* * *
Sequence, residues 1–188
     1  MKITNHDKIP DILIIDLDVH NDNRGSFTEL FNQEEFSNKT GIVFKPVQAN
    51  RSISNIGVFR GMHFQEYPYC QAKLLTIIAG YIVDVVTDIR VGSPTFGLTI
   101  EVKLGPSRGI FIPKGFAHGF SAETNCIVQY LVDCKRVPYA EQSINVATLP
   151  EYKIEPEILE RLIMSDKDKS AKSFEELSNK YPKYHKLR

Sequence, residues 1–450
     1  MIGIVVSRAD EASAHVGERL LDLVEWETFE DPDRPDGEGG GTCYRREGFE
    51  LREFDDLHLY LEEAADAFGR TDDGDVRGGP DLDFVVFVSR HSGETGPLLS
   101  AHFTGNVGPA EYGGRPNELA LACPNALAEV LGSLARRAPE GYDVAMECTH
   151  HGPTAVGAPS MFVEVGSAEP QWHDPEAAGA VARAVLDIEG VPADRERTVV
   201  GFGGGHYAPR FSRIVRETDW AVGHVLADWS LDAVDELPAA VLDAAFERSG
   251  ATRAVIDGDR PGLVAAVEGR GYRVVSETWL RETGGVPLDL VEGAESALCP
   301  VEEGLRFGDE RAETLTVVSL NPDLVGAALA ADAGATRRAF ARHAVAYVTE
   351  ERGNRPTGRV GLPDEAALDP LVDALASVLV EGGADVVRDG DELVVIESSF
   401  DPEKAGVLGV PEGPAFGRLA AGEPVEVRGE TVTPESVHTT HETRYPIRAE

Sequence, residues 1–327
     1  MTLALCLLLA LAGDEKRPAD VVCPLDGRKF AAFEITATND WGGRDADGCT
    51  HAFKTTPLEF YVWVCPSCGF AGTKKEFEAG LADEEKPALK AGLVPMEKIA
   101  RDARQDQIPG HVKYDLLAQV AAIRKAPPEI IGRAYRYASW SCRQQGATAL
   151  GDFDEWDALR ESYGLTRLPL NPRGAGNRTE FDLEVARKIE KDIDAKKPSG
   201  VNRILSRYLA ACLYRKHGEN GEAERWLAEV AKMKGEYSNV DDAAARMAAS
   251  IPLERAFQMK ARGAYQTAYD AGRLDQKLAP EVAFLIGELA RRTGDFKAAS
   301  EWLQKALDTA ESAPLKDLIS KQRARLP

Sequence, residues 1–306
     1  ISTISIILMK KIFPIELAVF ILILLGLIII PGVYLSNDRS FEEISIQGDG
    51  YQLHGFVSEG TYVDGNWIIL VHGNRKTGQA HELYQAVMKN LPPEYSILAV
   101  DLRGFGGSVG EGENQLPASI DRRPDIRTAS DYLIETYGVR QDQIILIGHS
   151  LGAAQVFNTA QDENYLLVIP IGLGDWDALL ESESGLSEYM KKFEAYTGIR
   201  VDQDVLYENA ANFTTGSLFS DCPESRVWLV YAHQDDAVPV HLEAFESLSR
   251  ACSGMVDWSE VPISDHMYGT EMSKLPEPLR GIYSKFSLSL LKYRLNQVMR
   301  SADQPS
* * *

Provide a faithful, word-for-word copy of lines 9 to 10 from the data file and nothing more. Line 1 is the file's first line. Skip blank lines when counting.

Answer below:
   101  AHFTGNVGPA EYGGRPNELA LACPNALAEV LGSLARRAPE GYDVAMECTH
   151  HGPTAVGAPS MFVEVGSAEP QWHDPEAAGA VARAVLDIEG VPADRERTVV